• Croquette@sh.itjust.works
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    2 months ago

    I tend to add is to booleans toreally differentiate between a method name and a status.

    def open_file_dialog(self):
        self.dialog_file_is_open = True
        pass
    

    That way, it’s easier for my dumb brain to spot which is which at a glance.

        • sus@programming.dev
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          2 months ago

          that works for 2 word names eg is_open or is_file, but in this case is_dialog_file_open is structured like a question, while dialog_file_is_open is structured like a statement

          • Rinox@feddit.it
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            2 months ago

            Doesn’t matter, the point is that, if it starts with “is” then you automatically know it’s a boolean.

          • redfellow@sopuli.xyz
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            2 months ago

            It still works. is_this_thing_some_thingy. Is is just a prefix for if the suffix returns true/false.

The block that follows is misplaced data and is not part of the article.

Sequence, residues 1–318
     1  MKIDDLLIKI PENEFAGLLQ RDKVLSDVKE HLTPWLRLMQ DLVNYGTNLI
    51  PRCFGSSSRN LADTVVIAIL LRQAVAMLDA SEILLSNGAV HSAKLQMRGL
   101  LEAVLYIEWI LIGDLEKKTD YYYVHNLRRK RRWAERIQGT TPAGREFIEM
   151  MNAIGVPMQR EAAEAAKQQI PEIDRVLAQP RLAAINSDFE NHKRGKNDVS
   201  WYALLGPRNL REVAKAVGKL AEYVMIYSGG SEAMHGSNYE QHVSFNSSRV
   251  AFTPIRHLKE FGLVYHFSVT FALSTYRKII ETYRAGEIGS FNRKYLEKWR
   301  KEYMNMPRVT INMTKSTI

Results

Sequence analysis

• 4wd@programming.dev
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      2 months ago

      In Elixir, we mark statuses by using a question mark at the end of the variable name. Something like this:

      authorized? = user |> get_something() |> ensure_authorized?()
      

      I like this better than the is_ prefix

        • Faresh@lemmy.ml
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          2 months ago

          If it’s like Lisp, then ? is just part of the symbol and doesn’t have any special syntatic meaning. In different Lisps it’s also convention to end predicate names with a ? or with P (p for predicate)

        • FMT99@lemmy.world
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          2 months ago

          We do this in Ruby all the time, we just prefer methods over variables, usually.

          def authorized?
            current_user&.authorized?
          end
          
          • cytokine0724@sh.itjust.works
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            2 months ago

            I’m a principal backend engineer routinely writing Ruby for my day job, so I’m familiar, lol. But you can’t do it for local variables and that just sucks. Definitely a +1 for Elixir.